CAIRO: Minister of Investment Mahmoud Mohieddin visited the United States for 48 hours late last week to promote investment in Egypt and met with 14 representatives of financial institutions, funds and investment companies.
The minister was accompanied by Ziad Bahaa-Eldin, chairman of the General Authority for Investment and Free Zones, and joined members of the American Chamber of Commerce in Egypt (AmCham) during their annual door knock visit to the U.S.
He highlighted Egypt s progress on the economic front and measures taken to increase trading volumes on the stock exchange and to increase direct and indirect foreign investment.
Mohieddin expects gross domestic product to grow by 5.5 percent to 6 percent this year. The growth is accompanied by an increase in trade and investment in comparison to previous years, which Mohieddin said are the result of the government s reform measures in recent years.
Investment in non-petroleum sectors tripled last year and capital flows increased by some $3 billion. Net foreign direct investment now exceeds 4 percent of gross domestic product, and Mohieddin expects this figure to continue to increase during the current fiscal year.
Mohieddin told the audience of investors and bankers that the government s reform initiatives would continue and that there is no turning back, and that the government intends to increase the role of the private sector in the country s economic process.
The government s economic reform program is not always popular. In particular, Mohieddin s privatization program has faced some obstacles with the row over the sale of Omar Effendi and the earlier acquisition of Egyptian American Bank by Calyon.
Mohieddin said that domestic discussions regarding the government s economic reform agenda should be seen as a positive development and that there is traditionally a great deal of political debate over the sale of public assets in particular.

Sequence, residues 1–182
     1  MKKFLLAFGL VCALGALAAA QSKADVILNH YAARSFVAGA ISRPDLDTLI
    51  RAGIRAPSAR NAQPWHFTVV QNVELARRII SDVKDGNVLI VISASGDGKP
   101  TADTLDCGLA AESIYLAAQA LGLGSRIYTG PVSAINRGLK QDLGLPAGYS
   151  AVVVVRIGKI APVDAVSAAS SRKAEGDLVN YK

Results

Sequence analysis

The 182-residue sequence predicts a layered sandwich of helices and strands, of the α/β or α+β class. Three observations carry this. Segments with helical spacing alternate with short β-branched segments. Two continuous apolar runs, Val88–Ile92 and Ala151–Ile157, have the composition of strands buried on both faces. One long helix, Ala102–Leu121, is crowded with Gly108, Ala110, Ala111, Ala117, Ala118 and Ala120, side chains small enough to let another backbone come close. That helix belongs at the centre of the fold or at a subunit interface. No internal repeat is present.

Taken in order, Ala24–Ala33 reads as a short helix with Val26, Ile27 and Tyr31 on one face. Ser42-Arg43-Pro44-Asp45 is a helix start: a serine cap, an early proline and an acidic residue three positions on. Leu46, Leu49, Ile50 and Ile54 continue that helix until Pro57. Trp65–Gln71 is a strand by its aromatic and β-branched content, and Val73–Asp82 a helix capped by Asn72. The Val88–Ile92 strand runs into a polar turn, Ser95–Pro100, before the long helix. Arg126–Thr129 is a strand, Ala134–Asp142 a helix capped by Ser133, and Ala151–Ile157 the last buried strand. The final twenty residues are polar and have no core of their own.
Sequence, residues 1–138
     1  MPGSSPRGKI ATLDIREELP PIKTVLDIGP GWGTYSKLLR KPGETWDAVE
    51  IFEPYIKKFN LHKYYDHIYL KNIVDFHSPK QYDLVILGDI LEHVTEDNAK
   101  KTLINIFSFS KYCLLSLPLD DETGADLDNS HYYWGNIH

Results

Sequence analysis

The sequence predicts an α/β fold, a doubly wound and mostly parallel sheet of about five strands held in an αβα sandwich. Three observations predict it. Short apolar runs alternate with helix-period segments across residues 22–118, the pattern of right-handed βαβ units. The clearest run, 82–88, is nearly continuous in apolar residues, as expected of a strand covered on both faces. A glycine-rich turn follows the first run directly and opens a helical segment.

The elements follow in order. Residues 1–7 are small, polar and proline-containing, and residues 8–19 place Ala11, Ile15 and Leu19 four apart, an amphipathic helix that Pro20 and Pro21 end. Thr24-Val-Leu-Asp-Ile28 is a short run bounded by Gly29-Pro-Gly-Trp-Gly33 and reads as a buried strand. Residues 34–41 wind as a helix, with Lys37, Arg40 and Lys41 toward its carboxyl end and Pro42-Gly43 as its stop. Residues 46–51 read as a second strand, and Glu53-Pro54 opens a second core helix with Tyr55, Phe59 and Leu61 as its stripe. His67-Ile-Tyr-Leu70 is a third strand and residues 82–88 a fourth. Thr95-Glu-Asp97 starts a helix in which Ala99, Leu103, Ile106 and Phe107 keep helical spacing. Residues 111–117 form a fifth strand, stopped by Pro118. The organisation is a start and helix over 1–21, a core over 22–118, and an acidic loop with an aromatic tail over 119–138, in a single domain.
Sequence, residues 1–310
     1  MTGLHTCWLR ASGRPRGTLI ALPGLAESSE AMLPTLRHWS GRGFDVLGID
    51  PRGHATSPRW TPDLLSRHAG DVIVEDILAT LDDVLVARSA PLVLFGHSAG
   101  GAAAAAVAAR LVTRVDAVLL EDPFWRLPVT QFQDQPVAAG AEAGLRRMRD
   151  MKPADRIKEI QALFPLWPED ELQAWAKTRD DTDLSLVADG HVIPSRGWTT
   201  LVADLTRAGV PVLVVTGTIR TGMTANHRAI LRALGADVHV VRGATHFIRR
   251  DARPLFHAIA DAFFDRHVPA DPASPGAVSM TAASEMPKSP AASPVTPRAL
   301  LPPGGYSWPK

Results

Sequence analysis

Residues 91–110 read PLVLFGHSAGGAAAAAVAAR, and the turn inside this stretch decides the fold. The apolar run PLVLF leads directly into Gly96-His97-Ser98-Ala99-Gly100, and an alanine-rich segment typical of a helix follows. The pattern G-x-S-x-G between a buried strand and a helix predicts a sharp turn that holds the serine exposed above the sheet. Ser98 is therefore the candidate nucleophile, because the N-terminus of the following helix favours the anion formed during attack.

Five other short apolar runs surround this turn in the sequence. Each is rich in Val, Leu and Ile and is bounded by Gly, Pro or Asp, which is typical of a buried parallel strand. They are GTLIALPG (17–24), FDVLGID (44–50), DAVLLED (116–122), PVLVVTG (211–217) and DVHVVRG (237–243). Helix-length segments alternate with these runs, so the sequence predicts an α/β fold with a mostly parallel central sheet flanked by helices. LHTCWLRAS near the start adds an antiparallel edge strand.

In terms of the ongoing controversy regarding the sale of Omar Effendi, Mohieddin said that the matter is before the prosecutor-general and that he cannot comment until a decision is taken by the latter, although negotiations are ongoing between the Holding Company for Trade, which owns the department store, and the Saudi Anwal Group.
The minister conceded that the public, as the owner of such assets, need to be informed about the process of their sale and the basis of valuations. He cited the controversy surrounding privatization in other countries, including the attempt of Dubai Ports World to take over several U.S. ports, as an indication of the common politicization of privatization programs.
Meanwhile, the American investors emphasized their interest in the Egyptian stock market in light of the attractive price-to-earnings ratios of listed companies and the increase in liquidity. There is also an increase in the diversity of companies on the stock exchange, in part due to the offering of shares in state-owned companies, as well an increase market capitalization from 35 percent to 80 percent of gross domestic product.
Mohieddin also met with real estate financing companies and invited one company to seek partnerships in the securitization of mortgages in Egypt as well as insurance for real estate.
The government has been keen to encourage mortgages since the reform of the real estate laws several years ago, but such efforts are constrained by the drawn-out property registration procedures and high registration fees and property taxes.
Mohieddin said that a law is being proposed to parliament to limit property registration fees to a maximum of LE 2,000; current registration fees are 3 percent of the value of the property with no limit. Minister of Finance Youssef Boutros-Ghali is also expected to reduce taxes on property following his substantial reform of the income tax system.
The existence of a secondary market for mortgages, for which securitization is a first step, will serve to encourage a primary mortgage market.
Overseas Private Investment Company, an agency of the United States government that supports American private sector investment in the developing world, is considering investing mortgages in Egypt in either the primary or secondary market, and is working in coordination with the Mortgage Finance Authority on this.
Mohieddin also courted several insurance companies that specialize in life insurance during his visit, explaining his plan to liberalize and reform the insurance market in coordination with Boutros-Ghali.